Mid Staffordshire "is a story of appalling and unnecessary suffering of hundreds of people"

Hospital staff and managers should be prosecuted if patients are harmed as a result of poor care, inquiry finds.

The Mid Staffordshire NHS Foundation Trust Public Inquiry's report has been published today, and inquiry chair Robert Francis has made 290 recommendations as to how NHS culture can be changed to ensure that the years of abuse and neglect that occurred at Stafford Hospital can never happen again.

In a statement, Francis said: "This is a story of appalling and unnecessary suffering of hundreds of people." The priority of his report, he said, was not to find a scapegoat, but find ways of putting patients and the quality of care first.

According to BBC News, the chief recommendations of the report are:

  • The merger of the regulation of care into one body - two are currently involved
  • Senior managers to be given a code of conduct and the ability to disqualify them if they are not fit to hold such positions
  • Hiding information about poor care to become a criminal offence as would failing to adhere to basic standards that lead to death or serious harm
  • A statutory obligation on doctors and nurses for a duty of candour so they are open with patients about mistakes
  • An increased focus on compassion in the recruitment, training and education of nurses, including an aptitude test for new recruits and regular checks of competence as is being rolled out for doctors

David Cameron apologised for the failures during a statement on the report in the House of Commons this afternoon. He also confirmed that the new post of "chief inspector of hospitals" - in the manner of Ofsted - will be created.

Photograph: Getty Images

Caroline Crampton is web editor of the New Statesman.

Photo: Getty
Show Hide image

Are the Conservatives getting ready to learn to love the EEA?

You can see the shape of the deal that the right would accept. 

In an early morning address aimed half reassuring the markets and half at salvaging his own legacy, George Osborne set out the government’s stall.

The difficulty was that the two halves were hard to reconcile. Talk of “fixing the roof” and getting Britain’s finances in control, an established part of Treasury setpieces under Osborne, are usually merely wrong. With the prospect of further downgrades in Britain’s credit rating and thus its ability to borrow cheaply, the £1.6 trillion that Britain still owes and the country’s deficit in day-to-day spending, they acquired a fresh layer of black humour. It made for uneasy listening.

But more importantly, it offered further signs of what post-Brexit deal the Conservatives will attempt to strike. Boris Johnson, the frontrunner for the Conservative leadership, set out the deal he wants in his Telegraph column: British access to the single market, free movement of British workers within the European Union but border control for workers from the EU within Britain.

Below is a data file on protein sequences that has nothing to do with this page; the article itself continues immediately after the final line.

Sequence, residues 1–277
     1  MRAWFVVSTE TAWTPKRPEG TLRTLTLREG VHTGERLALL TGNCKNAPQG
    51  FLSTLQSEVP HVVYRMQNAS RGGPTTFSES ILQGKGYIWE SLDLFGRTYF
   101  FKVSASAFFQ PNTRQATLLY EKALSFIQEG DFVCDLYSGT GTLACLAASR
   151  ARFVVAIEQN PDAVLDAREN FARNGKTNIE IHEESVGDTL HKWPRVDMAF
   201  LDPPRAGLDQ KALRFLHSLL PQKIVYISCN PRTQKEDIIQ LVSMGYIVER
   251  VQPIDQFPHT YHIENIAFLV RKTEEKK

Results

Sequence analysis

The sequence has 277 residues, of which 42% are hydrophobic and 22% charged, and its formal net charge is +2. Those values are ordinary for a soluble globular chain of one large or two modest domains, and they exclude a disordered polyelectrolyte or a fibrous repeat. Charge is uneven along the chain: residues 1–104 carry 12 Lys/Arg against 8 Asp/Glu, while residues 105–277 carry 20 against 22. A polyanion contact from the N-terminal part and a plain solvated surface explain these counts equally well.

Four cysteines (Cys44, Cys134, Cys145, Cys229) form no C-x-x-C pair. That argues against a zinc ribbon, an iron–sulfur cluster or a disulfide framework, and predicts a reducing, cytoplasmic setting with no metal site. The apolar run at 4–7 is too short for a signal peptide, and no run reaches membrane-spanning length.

There is no chance of that deal – in fact, reading Johnson’s Telegraph column called to mind the exasperated response that Arsene Wenger, manager of Arsenal and a supporter of a Remain vote, gave upon hearing that one of his players wanted to move to Real Madrid: “It's like you wanting to marry Miss World and she doesn't want you, what can I do about it? I can try to help you, but if she does not want to marry you what can I do?”

But Osborne, who has yet to rule out a bid for the top job and confirmed his intention to serve in the post-Cameron government, hinted at the deal that seems most likely – or, at least, the most optimistic: one that keeps Britain in the single market and therefore protects Britain’s financial services and manufacturing sectors.

For the Conservatives, you can see how such a deal might not prove electorally disastrous – it would allow them to maintain the idea with its own voters that they had voted for greater “sovereignty” while maintaining their easy continental holidays, au pairs and access to the Erasmus scheme.  They might be able to secure a few votes from relieved supporters of Remain who backed the Liberal Democrats or Labour at the last election – but, in any case, you can see how a deal of that kind would be sellable to their coalition of the vote. For Johnson, further disillusionment and anger among the voters of Sunderland, Hull and so on are a price that a Tory government can happily pay – and indeed, has, during both of the Conservatives’ recent long stays in government from 1951 to 1964 and from 1979 to 1997.

It feels unlikely that it will be a price that those Labour voters who backed a Leave vote – or the ethnic and social minorities that may take the blame – can happily pay.  

Stephen Bush is special correspondent at the New Statesman. He usually writes about politics.